Microsoft filed an antitrust complaint against Google with the European Commission on Thursday, accusing Google of taking technical measures to squeeze Microsoft and other competitors out of the advertising and search markets.
Google has been engaging in a "broadening pattern of conduct aimed at stopping anyone else from creating a competitive alternative," Microsoft General Counsel Brad Smith alleged in a blog post detailing Microsoft's concerns.
Microsoft joins four other companies that have filed complaints about Google with the European Commission. U.K. price comparison site Foundem, French legal search engine ejustice.fr, and German product review and shopping site Ciao, now owned by Microsoft, filed their complaints in February 2010, prompting the Commission to launch a wider investigation of Google's practices in November. Then in February this year ejustice.fr's parent company 1plusV filed another complaint against Google.
The Commission will ask Google for its views on the complaint, but no further information will be released, said a spokeswoman for Competition Commissioner Joaquín Almunia.
Google said, "We're not surprised that Microsoft has done this, since one of their subsidiaries was one of the original complainants. For our part, we continue to discuss the case with the European Commission and we're happy to explain to anyone how our business works."
Microsoft's antitrust filing, its first ever according to Smith, shows how frustrated the company is with Google. Smith wrote that some people will point out the irony in the filing given Microsoft's extensive legal battles in Europe concerning Web browsers and interoperability of its systems with competitor's products.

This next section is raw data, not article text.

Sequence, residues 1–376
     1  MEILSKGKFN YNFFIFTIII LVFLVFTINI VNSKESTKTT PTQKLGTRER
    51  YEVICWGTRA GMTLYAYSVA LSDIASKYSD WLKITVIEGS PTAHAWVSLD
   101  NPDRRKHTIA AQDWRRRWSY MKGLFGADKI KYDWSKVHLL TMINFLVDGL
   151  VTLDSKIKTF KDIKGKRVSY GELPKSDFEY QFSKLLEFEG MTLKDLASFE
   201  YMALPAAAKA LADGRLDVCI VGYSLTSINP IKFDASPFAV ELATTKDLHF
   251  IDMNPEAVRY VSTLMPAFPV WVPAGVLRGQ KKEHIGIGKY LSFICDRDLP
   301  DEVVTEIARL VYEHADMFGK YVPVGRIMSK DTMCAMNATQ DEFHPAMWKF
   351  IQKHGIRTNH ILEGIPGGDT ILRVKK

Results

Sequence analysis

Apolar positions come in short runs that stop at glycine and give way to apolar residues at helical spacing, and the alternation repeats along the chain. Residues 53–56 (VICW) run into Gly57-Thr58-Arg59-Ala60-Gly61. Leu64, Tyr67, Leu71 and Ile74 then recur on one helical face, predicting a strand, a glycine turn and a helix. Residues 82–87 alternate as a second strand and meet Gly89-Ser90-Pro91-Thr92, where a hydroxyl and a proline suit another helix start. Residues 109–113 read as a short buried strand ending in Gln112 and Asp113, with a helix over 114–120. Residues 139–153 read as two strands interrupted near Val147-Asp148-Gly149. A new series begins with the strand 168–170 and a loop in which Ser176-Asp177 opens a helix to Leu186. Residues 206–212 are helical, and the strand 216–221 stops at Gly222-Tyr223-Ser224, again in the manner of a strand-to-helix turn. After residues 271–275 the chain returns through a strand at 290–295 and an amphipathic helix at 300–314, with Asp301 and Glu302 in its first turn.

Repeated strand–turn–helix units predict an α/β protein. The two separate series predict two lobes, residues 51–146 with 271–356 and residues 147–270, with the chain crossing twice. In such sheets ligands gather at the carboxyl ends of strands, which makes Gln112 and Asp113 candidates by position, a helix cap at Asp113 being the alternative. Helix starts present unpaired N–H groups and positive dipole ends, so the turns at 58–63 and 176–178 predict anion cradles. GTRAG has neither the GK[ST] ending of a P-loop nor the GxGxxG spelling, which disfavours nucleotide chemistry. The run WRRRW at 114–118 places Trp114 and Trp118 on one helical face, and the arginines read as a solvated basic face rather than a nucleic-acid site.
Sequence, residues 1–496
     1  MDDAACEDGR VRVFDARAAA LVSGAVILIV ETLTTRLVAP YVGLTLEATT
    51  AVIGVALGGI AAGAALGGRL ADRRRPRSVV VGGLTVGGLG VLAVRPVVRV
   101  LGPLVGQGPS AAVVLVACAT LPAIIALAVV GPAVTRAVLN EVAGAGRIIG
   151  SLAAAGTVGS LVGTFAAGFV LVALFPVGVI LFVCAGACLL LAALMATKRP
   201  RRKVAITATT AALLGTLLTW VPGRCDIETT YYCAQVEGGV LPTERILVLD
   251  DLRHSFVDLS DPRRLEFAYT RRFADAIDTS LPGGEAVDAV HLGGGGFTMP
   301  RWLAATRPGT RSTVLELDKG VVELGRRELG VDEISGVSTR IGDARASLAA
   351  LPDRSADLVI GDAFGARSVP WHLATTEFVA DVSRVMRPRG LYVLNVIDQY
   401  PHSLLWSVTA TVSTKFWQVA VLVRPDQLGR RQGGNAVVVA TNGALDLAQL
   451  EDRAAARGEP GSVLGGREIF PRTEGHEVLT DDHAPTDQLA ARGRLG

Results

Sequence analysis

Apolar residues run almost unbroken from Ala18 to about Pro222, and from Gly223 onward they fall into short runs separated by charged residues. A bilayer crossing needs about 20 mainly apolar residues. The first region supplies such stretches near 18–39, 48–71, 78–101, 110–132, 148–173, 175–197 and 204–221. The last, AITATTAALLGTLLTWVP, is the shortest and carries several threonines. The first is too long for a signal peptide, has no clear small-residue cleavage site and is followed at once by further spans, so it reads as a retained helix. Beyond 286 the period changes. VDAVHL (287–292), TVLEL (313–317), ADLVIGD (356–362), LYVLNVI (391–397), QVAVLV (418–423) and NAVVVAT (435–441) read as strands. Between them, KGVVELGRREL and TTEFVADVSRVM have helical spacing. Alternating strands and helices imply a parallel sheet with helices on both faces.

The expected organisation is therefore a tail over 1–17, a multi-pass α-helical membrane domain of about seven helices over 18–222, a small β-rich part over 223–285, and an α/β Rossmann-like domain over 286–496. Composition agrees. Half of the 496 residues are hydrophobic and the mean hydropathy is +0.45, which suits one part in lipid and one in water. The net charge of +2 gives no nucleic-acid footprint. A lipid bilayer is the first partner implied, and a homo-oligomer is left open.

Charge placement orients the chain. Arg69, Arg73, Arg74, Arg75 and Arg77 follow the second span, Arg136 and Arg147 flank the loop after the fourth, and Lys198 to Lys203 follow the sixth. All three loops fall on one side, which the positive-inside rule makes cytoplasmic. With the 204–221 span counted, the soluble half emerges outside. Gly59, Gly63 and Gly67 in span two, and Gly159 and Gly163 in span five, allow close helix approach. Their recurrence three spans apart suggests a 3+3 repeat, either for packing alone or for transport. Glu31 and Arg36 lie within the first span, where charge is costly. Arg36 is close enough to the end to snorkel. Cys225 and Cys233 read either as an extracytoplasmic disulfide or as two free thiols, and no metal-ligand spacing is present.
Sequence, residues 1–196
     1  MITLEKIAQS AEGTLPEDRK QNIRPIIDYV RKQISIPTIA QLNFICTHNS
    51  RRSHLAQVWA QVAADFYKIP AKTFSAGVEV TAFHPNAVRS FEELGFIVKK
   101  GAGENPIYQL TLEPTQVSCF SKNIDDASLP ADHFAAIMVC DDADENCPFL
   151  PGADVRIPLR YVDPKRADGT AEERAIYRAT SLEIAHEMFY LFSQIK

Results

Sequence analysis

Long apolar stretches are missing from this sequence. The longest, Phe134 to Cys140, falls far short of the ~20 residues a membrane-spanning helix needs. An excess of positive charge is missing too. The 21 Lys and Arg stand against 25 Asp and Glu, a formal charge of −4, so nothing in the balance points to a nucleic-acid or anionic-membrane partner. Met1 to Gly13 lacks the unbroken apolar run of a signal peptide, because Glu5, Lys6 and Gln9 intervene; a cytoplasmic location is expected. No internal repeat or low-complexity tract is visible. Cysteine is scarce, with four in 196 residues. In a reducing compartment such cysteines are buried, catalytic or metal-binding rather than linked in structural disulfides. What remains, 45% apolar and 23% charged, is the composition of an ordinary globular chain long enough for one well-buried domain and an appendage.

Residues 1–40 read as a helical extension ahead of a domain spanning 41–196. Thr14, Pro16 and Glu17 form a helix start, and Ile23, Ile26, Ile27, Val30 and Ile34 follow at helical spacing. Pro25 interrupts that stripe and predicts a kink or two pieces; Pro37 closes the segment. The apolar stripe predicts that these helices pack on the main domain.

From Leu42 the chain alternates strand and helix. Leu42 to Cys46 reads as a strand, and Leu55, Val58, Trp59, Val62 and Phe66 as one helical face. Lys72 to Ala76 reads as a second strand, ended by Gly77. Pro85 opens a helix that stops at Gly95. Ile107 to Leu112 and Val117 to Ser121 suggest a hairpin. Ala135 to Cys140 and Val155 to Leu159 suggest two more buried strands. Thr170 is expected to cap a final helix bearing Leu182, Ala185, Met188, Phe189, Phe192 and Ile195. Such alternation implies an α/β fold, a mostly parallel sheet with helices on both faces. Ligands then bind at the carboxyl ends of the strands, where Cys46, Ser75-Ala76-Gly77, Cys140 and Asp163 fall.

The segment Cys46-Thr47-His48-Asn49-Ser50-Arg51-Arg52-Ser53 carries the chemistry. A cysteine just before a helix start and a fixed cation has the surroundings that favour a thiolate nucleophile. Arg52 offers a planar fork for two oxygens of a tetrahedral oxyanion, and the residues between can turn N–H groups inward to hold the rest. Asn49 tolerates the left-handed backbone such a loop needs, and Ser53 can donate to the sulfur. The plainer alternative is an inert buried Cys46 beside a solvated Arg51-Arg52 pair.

"Having spent more than a decade wearing the shoe on the other foot with the European Commission, the filing of a formal antitrust complaint is not something we take lightly," Smith wrote.
Microsoft and Yahoo together hold about a 25 percent share of the market for search in the U.S. Microsoft's Bing search engine powers searches on Yahoo after the two companies reached a deal in July 2009. But Europe is different: Microsoft, Yahoo and other smaller players hold less than a 5 percent share, while Google has around 95 percent.
Google, Smith alleged, has walled off some of its content to prevent indexing by Microsoft's Bing search engine, and consistently undertaken measures to lock advertisers into using its systems.
Bing is prevented from "properly accessing" Google's YouTube video website, Smith alleged. Microsoft's latest mobile phone operating system, Windows Phone, also has problems accessing the site, with Google restricting the rich metadata associated with videos to prevent Windows Phone devices from offering the same user experience as, say, Android phones do.
"We just need permission to access YouTube in the way that other phones already do, permission Google has refused to provide," Smith wrote.
Microsoft also alleges that Google prohibits advertisers that are using its online advertising services from formatting their data in a way that could easily be used with competing ad platforms, including Microsoft's adCenter.
As for search, Smith also complained that Google prohibits leading websites from distributing other search boxes on their sites.
"It is obviously difficult for competing search engines to gain users when nearly every search box is powered by Google," Smith wrote. "Google's exclusivity terms have even blocked Microsoft from distributing its Windows Live services, such as email and online document storage, through European telecommunications companies because these services are monetized through Bing search boxes."